What are GMOs? Are you avoiding them because someone said they’re bad, or do you actually know what they entail?
The Issue of Misinformation
Did you know you can now buy GMO-free hummus?
When I saw the ad, I gave my husband a funny look. “Does hummus even contain GMO products?” I’ve written articles on GMOs in regards to seed saving. Were there now GMO chickpeas to make this labeling necessary? Grabbing my phone, I Googled and confirmed what I already knew. “Unless they’re using corn oil instead of olive, it wouldn’t have GMOs anyway.”
My husband shrugged. “Well, they’re also selling it as gluten free.”
Traditional hummus has chickpeas, sesame paste called tahini, olive oil, salt, and maybe spices like garlic, roasted red peppers, or olive tapenade. It’s naturally going to be both non-GMO and gluten-free unless their proprietary recipe also contains stuff like sugar, corn syrup, corn oil, cornstarch, or wheat starch. This is another reason to know what you’re eating and read the label. You could be paying more for wording.
So what are GMOs?
GMO stands for Genetically Modified Organism. It is a plant or animal that has been scientifically modified, within a lab, to contain genes from another plant or animal. It can also be called genetic engineering.
Haven’t people been genetically modifying foods for years?
Cross-breeding and genetic engineering are different. Cross-breeding involves introducing plants or animals that can naturally interbreed, through traditional methods. Such as letting an Angus bull into a herd of Jersey heifers. Or cross-pollinating a small yellow tomato with a robust red one, in hopes of creating a larger, more robust variety. You cannot cross-breed a plant or animal outside its own genus. A wolf can breed with a domesticated dog but a wolf cannot breed with a mountain lion.
Genetic engineering goes further than this. Corn can contain genes from carrots; tomatoes can contain genes from fish.
Why are scientists doing this?
The intentions behind GMOs are good. Golden Rice, for instance, would have beta-carotene, giving it the golden color. Cultivating Golden Rice in third-world countries could prevent 670,000 childhood deaths per year from vitamin A deficiency.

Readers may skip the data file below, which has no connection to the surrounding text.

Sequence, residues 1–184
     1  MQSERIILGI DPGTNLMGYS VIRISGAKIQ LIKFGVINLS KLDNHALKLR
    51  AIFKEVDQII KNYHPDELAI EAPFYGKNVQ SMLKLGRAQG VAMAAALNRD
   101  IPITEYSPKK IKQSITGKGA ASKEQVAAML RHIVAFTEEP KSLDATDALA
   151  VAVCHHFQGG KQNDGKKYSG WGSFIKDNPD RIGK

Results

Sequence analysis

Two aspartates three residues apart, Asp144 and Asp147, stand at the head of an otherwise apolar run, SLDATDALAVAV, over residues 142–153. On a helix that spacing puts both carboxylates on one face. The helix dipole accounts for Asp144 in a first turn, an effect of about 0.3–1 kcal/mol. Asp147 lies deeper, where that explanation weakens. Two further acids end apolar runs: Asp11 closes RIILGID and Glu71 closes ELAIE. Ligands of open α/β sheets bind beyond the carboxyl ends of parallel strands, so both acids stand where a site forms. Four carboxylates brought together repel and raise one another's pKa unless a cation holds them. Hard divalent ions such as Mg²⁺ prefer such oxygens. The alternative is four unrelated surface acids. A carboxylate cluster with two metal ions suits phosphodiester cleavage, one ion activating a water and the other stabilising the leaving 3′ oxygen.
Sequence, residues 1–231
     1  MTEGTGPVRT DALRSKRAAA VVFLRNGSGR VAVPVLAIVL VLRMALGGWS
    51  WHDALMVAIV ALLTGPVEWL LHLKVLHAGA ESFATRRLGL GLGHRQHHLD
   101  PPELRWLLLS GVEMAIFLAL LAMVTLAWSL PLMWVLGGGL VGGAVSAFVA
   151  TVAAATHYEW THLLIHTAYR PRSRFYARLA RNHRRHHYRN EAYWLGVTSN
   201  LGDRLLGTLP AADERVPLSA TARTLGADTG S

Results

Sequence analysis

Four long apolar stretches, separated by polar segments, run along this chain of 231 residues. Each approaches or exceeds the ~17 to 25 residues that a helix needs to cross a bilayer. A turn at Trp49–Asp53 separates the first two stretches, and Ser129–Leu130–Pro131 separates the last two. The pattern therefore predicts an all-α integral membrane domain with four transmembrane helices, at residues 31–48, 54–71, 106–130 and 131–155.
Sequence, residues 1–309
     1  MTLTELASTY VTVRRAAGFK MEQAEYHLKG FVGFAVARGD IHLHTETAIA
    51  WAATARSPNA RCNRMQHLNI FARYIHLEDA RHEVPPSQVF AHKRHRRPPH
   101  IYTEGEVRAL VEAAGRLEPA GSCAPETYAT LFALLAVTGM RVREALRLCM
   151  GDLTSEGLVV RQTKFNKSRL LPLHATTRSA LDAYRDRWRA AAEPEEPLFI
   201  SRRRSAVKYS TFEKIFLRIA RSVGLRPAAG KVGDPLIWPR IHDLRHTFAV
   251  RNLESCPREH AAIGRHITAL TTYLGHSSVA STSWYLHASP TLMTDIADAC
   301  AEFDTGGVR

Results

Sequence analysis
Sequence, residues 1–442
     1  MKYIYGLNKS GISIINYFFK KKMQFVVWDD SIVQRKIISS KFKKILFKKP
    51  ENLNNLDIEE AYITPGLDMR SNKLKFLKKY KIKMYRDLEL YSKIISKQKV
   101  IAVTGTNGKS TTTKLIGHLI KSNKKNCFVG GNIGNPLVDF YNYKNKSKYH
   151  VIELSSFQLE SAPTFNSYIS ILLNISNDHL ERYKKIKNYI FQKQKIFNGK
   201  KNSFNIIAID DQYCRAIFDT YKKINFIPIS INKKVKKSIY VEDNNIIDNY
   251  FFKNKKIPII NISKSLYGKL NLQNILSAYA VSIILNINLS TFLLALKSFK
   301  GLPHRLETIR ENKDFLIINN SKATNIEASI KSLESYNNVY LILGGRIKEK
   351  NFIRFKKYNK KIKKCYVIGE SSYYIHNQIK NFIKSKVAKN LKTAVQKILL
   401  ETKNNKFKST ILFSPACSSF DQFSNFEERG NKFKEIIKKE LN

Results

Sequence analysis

But the crops created for humanitarian purposes haven’t gone very far because of public opposition. Including Golden Rice. What have gone far, though, are crops created for commerce. Soybeans and corn which don’t die when Roundup herbicide is sprayed on them, for instance. The intentions are to reduce work for the farmer. No weeds, more commodity food. Other GMO crops have been developed to resist viruses which could devastate an entire industry. Or to reduce carcinogens created during high-temperature cooking.
Are GMOs safe?
So far, GMOs have not been found to be any more dangerous or unhealthy than the non-GMO version of the same food…unless the food contains genes from something to which you are allergic. Such as cabbage containing genes from Brazil nuts, since Brazil nuts don’t naturally have insect predators. And some labs have tried this: fish genes in a tomato is one of them. The fish genes would have made the tomato resistant to long and cold storage during shipment.
Luckily, smart people realized this is a problem and stopped those projects before they ever hit the market.
What about the herbicides you mentioned?
That’s a different story. Organic and non-GMO are two completely different things, though they are often confused. Non-GMO does not mean pesticide free. It means it has not been genetically engineered.
But the United States and Canada do not allow products labeled “100% Certified Organic” to contain any GMO ingredients. So eating foods with this label guarantees you won’t consume GMOs.
So why should I avoid GMOs?
Whether you avoid them or not is up to you. It’s up to your budget and your ethics.
Some people avoid GMOs simply because somebody else told them to. Someone said they are bad so people cry out about them, go on marches to protest them, and spread the word. But they do this without even knowing what they’re protesting.
The main reasons to avoid GMOs are because cultivation of these crops often involves unethical agricultural practices: Broad-spectrum herbicides sprayed on something intended for human consumption. Monoculture on commodity farms that leave no room for biodiversity. Disappearance of old heirloom crop varieties. Lengthy, air-tight contracts that can strip a farmer of his livelihood if he violates them in any way. Even if he simply violates them by growing crops that acquired the GMOs because of wind drift from another farm.